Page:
The technical examination of Giovanni (da Rimini) Baronzio’s Crucifixion, dated in the second quarter of the 14th century focused on: (1) the identification of the original materials and techniques, (2) the evaluation of the work’s state of preservation, and, (3) the integration of non-destructive analytical techniques to study its complex history of interventions.
APAC Labs performed a rigorous non-invasive analysis of a 14th-century panel painting by Italian artist Giovanni Baronzio using a variety of spectroscopic, imaging, and digital microscopy techniques.
© ‘The Crucifixion’ by Giovanni Baronzio, end of 1320s
The application of X-Ray Radiography (XRR), digital microscopy, Ultraviolet (UV) and Infrared (IR) imaging, Fiber-Optics Reflectance Spectroscopy (FORS), Fourier Transform Infrared Spectroscopy (FTIR) and X-Ray Fluorescence spectroscopy (XRF), Reflectance Transformation Imaging (RTI) provided a comprehensive technical study of the small in size painting (45,4 x 26,9). Results confirmed the consistency of original pigments with those used by Italian Renaissance artists on panel paintings: lead white, earth pigments, cinnabar, minium, carbon and iron black, copper green and blue, gold leaf as well as the use of the sgraffito technique (the artist scratches through a paint layer to reveal another layer of contrasting color or material). The wooden surface was prepared with a thick layer of calcite. Furthermore, results identified three major phases of intervention dated to the second half of the 19th, mid 20th and the end of 20th centuries.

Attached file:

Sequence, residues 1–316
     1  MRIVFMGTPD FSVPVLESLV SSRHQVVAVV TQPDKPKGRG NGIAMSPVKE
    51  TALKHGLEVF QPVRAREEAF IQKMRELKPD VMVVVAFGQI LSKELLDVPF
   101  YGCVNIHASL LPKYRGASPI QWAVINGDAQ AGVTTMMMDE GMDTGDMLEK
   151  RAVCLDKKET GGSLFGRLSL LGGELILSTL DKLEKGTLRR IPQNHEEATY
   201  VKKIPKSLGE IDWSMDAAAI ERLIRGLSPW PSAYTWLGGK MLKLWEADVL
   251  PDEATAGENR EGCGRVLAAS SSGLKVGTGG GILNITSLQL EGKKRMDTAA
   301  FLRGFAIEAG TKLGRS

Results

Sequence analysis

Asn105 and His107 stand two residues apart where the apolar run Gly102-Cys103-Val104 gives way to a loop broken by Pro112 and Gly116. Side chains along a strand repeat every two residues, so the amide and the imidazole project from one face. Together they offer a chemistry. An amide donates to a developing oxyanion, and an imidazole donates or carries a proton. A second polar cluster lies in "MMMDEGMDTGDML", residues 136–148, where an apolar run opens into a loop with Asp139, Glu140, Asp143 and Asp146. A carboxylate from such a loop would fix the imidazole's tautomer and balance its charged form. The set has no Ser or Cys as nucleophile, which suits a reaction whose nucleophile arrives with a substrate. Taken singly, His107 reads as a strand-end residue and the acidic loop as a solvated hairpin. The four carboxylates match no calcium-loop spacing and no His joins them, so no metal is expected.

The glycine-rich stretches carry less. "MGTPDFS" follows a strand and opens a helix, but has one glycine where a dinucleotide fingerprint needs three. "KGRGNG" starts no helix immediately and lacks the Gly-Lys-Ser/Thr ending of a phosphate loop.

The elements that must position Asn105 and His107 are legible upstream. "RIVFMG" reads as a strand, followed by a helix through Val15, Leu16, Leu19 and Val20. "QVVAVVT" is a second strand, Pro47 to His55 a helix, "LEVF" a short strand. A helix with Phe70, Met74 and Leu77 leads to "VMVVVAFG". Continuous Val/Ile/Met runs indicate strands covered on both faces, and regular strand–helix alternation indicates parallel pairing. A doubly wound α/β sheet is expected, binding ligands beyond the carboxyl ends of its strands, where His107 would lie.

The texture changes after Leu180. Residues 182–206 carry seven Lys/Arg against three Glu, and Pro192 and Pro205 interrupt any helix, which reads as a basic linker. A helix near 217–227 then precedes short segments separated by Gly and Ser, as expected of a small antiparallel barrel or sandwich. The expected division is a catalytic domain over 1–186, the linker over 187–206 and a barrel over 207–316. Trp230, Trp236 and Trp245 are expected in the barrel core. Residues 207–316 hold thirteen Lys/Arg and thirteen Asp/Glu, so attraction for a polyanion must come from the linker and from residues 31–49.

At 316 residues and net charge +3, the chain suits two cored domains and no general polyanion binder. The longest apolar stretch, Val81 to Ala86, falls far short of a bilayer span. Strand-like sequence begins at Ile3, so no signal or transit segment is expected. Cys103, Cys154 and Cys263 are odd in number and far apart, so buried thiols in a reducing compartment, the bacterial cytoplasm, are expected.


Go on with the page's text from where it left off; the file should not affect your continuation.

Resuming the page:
© Technical examination of ‘The Crucifixion’ by Giovanni Baronzio, end of 1320s
APAC Labs researchers performed a comprehensive technical examination of a 14th century panel painting by Italian artist Giovanni Baronzio. The panel depicts the Crucifixion of Christ, and was painted in tempera and gold on wood. Results showed that while the original painting materials align with those used by artists in fourteenth-century Renaissance Italy, there are multiple later interventions including extensive overpainting of various parts of the original Crucifixion composition.
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